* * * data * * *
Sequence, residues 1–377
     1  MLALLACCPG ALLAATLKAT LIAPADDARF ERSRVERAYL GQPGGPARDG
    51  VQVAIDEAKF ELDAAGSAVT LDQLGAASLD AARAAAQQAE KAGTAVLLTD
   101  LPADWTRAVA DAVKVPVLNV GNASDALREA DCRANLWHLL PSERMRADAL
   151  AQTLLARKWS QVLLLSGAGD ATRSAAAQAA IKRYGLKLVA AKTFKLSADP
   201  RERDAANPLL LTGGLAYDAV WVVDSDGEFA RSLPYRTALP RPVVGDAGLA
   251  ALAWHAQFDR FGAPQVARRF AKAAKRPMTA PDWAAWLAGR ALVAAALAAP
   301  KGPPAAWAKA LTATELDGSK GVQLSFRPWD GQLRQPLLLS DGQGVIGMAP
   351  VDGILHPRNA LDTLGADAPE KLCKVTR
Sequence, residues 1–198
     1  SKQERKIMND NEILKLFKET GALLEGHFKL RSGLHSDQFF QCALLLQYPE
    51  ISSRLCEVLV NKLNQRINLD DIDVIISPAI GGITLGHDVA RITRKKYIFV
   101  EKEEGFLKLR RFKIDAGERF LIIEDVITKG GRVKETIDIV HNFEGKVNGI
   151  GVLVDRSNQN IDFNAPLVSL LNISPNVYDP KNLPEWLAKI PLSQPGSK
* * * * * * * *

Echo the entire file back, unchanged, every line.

Sequence, residues 1–377
     1  MLALLACCPG ALLAATLKAT LIAPADDARF ERSRVERAYL GQPGGPARDG
    51  VQVAIDEAKF ELDAAGSAVT LDQLGAASLD AARAAAQQAE KAGTAVLLTD
   101  LPADWTRAVA DAVKVPVLNV GNASDALREA DCRANLWHLL PSERMRADAL
   151  AQTLLARKWS QVLLLSGAGD ATRSAAAQAA IKRYGLKLVA AKTFKLSADP
   201  RERDAANPLL LTGGLAYDAV WVVDSDGEFA RSLPYRTALP RPVVGDAGLA
   251  ALAWHAQFDR FGAPQVARRF AKAAKRPMTA PDWAAWLAGR ALVAAALAAP
   301  KGPPAAWAKA LTATELDGSK GVQLSFRPWD GQLRQPLLLS DGQGVIGMAP
   351  VDGILHPRNA LDTLGADAPE KLCKVTR
Sequence, residues 1–198
     1  SKQERKIMND NEILKLFKET GALLEGHFKL RSGLHSDQFF QCALLLQYPE
    51  ISSRLCEVLV NKLNQRINLD DIDVIISPAI GGITLGHDVA RITRKKYIFV
   101  EKEEGFLKLR RFKIDAGERF LIIEDVITKG GRVKETIDIV HNFEGKVNGI
   151  GVLVDRSNQN IDFNAPLVSL LNISPNVYDP KNLPEWLAKI PLSQPGSK